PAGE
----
Zenit (Russian: Зени́т) is a Soviet camera brand manufactured by KMZ in the town of Krasnogorsk near Moscow since 1952 and by BelOMO in Belarus since the 1970s. The Zenit trademark is associated with 35 mm SLR cameras. Among related brands are Zorki for 35 mm rangefinder cameras, Moskva (Moscow) and Iskra for medium-format folding cameras and Horizon for panoramic cameras. In the 1960s and 1970s, they were exported by Mashpriborintorg to 74 countries.
The name is sometimes spelled Zenith in English, such as the manuals published by the UK Zenit-importer TOE. However, TOE's imported camera bodies as from 1963 retained the "Zenit" badges. The early Zorki-based models before that time were labelled "Zenith" in a handwritten style of script.
During the 2018 Photokina expo, Zenit announced that it was resuming camera and lens production for the M-mount, as well as for unspecified Nikon and Canon mounts in 2019.
The digital Zenit M camera was released in a limited edition set with the Zenitar-M 35mm F/1.0 lens. The camera was produced in partnership with Leica, and the digital components derived to some extent from the full-frame Leica M (typ 240) series. The edition comprised 500 units: fifty units with a black finish and 450 in silver. Russian firmware drives the camera, and the chassis was designed in Krasnogorsk.
Two further M-mount Zenitar lenses are set for release circa March 2019: the Zenitar-M 21mm F/2.8 and the Zenitar-M 50mm F/1.0.
A second digital camera of an entirely new design is planned for release by 2020; also in collaboration with Leica. This camera will make use of a different lens line.
The above Zenit was based on the Zorki rangefinder camera (a copy of the Leica II). In transforming the Zorki into an SLR, the simplest approach was taken: the rangefinder housing was removed from the top and replaced by a plain ground-glass screen and prism; a mirror was added below with a lever operated mirror setting system and the M39×1 thread mount was pushed forward to make room for the mirror inside.
During the first years of production (until the Zenit-E of 1967) Zenit camera development coincided with that of the Zorki cameras. The Zenit-S had PC-synchro for external flash units (almost like the Zorki-S) and the Zenit-3M also had an RF-sibling, the Zorki-6. For an SLR, the Pentaprism of all classical Zenits was undersize, with the viewfinder showing about two-thirds of the actual frame-size. On the Zenit-S the mirror setting lever mechanism of the original Zenit was replaced by a cord and pulley system.
During 1967 through 1969 KMZ built an automatic die-cast moulding line, allowing mass camera production. Camera production switched to the M42×1 thread (also known as Praktica thread) and an instant-return mirror was also developed. This led to one of the most famous Zenits — Zenit-E which saw (including its subtypes) over 12 million produced. A heavy and tough camera which gained a reputation of being ‘bomb proof’, with a mechanism that was of exceedingly simple design along the lines of "what isn't there, can't go wrong". Automatic diaphragm functionality was not available until the introduction of the Zenit-EM, which used a direct mechanism linking the shutter release button to the aperture mechanism, significantly increasing the effort required to release the shutter. Production included both M39×1 and M42×1 mounts for the Zenit E and Zenit B models. Later models were only produced in the M42×1 with the Pentax K mount available for the latest models.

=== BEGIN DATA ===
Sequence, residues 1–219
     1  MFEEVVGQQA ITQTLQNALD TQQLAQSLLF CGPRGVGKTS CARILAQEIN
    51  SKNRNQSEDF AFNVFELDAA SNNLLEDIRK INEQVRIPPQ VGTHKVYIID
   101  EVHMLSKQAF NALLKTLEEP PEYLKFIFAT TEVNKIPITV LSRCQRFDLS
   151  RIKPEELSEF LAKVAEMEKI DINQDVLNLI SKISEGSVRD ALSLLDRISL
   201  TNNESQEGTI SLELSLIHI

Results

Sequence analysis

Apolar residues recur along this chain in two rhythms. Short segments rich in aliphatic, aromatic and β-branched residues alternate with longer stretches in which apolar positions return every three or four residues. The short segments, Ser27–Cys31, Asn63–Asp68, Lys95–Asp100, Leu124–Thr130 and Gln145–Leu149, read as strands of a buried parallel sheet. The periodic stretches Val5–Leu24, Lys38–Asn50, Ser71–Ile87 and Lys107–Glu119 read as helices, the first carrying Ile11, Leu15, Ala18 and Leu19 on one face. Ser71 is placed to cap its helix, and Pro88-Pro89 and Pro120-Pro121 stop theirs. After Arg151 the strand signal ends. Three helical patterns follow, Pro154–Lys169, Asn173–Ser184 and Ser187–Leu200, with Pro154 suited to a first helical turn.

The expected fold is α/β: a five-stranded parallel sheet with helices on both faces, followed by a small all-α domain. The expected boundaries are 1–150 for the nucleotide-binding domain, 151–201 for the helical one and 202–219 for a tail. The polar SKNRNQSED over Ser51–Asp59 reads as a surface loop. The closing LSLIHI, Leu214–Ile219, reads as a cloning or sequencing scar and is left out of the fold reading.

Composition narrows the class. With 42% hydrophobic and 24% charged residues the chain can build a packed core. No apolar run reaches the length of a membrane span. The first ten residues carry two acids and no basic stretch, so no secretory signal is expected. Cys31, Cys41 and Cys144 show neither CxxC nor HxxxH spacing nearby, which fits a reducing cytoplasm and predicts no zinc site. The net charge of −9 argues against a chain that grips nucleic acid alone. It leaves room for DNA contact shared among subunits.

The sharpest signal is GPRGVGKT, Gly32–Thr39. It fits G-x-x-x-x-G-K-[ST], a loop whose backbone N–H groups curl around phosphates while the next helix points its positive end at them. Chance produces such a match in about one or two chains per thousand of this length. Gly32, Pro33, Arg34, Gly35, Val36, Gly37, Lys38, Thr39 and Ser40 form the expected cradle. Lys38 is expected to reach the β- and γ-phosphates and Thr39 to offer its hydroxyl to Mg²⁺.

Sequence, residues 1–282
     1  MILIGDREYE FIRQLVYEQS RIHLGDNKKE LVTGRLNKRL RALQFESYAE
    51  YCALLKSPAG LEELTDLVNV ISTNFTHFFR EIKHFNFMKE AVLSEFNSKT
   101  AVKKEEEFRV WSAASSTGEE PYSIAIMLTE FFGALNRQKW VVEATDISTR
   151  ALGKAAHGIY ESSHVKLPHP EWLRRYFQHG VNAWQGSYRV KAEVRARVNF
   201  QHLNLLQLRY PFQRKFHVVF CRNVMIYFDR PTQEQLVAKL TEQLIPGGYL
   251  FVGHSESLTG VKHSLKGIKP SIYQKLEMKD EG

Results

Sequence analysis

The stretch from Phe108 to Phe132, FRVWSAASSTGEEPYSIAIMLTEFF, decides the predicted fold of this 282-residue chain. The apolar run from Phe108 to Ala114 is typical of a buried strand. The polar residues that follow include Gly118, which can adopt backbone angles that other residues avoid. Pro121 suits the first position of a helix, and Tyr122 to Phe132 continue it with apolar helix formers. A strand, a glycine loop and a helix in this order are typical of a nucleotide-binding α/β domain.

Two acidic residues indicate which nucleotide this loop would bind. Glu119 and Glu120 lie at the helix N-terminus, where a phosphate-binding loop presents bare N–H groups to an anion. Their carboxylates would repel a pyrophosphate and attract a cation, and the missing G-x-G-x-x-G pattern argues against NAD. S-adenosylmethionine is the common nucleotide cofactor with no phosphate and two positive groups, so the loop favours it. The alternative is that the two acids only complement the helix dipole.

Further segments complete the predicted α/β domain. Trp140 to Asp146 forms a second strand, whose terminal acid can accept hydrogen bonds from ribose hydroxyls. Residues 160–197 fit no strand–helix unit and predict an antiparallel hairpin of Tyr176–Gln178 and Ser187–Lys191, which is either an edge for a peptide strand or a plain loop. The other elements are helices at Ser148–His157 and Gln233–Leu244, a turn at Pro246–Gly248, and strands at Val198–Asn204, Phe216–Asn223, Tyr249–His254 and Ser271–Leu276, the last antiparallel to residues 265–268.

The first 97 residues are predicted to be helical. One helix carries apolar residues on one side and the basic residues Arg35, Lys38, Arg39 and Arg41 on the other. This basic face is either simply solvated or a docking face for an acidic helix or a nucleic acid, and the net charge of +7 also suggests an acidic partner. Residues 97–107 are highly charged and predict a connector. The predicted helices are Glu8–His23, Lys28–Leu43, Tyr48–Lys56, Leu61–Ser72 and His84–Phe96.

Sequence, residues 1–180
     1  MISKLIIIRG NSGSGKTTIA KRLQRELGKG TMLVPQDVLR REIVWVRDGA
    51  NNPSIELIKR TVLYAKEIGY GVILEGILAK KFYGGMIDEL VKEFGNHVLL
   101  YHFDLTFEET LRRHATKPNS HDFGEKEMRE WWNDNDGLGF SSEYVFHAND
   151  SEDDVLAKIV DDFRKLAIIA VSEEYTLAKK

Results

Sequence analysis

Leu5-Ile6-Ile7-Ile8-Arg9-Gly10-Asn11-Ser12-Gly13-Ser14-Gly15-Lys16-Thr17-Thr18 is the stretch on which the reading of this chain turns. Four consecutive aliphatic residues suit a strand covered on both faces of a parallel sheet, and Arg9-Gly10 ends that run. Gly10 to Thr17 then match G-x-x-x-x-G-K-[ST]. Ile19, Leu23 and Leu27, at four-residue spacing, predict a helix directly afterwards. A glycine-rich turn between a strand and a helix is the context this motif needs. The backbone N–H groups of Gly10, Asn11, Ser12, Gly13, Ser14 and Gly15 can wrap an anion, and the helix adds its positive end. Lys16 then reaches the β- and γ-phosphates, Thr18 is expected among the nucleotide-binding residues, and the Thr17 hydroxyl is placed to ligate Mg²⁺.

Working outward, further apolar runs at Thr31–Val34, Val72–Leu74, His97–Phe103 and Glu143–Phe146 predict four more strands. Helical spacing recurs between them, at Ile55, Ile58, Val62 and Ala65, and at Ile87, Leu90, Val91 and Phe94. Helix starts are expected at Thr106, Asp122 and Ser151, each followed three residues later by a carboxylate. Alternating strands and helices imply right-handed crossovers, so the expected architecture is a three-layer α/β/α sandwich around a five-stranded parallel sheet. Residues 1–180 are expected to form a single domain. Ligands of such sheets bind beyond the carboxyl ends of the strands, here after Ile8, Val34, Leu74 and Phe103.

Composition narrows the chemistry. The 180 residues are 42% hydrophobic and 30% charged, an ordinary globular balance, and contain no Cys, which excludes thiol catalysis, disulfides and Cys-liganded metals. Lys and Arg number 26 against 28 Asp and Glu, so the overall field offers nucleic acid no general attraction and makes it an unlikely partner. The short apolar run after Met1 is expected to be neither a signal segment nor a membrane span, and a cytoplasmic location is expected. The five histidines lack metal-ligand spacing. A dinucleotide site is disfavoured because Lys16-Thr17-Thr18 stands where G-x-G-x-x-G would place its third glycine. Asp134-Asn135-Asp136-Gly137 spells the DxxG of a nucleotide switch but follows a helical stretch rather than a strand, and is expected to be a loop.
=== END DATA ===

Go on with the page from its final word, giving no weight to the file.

Towards the end of the 20th century, the Zenit-E heritage became an obstacle to the development of more modern Zenit models. This was because almost all low-end Zenits until the recent 412DX have been based on the Zenit-E die-cast chassis, complying with the local philosophy that a crude but affordable camera was better than no camera. The major events of the further development of Zenit-E line was:
The Zenit-E was also sold with the Moscow 1980 Olympics emblem.
The first attempt to make high-end professional camera by KMZ was the Start in 1958. This camera had a full set of shutter speeds (from 1 sec to 1/1000), a lens with an automatic diaphragm in a unique breech-lock mount, and even a knife for cutting-off part of the unexposed film. The photographer could choose between a pentaprism and waist-level finders. The grave disadvantage of the Start is blamed on lack of lenses; only one lens (the Helios-44 f2/58) was ever made for the proprietary Start mount directly.
With the success of the Zeiss-Ikon Contaflex of the mid-1950s and its follow-ups in form of the Bessamatic, Retina- and Paxette-reflex, Zenit's next attempt was the Zenit-4 (1964), -5 and -6 cameras. These were based on a Voigtländer Bessamatic-type mount with Compur-type iris-shutter near the lens elements. The poor durability and high manufacturing cost of this concept in contrast to the classical barebone Zenit design based on ultimate simplicity showed KMZ to have taken a wrong track: Nevertheless, the Zenit-5 was the first Soviet motor-driven SLR camera, and the first Soviet zoom lens (Rubin-1c 2.8/37–80, based on Voigtländer Zoomar design) featured in the Zenit-6.
Following this, there were two more attempts to make high-end photographic equipment, namely the Zenit-7 (1968) and Zenit-D (1969). Both were based on the completely new cloth-curtain shutter construction. The Zenit-D had automatic exposure mode. Its shutter was sped up to achieve X-sync at 1/125. Each of these had its own bayonet mount ("mount 7" and "mount D" respectively) which helped to utilize the camera's most advanced features. There were plans to develop a full line of optics for these cameras but the new shutter was too complicated and unreliable. Production was cancelled shortly after, and the only lens made for new mounts were the standard types. The Start, Zenit-7 and Zenit-D utilized the same normal lens — a Helios-44 2/58. The Zenit-D is one of the rarest Zenit cameras — only 63 cameras were produced.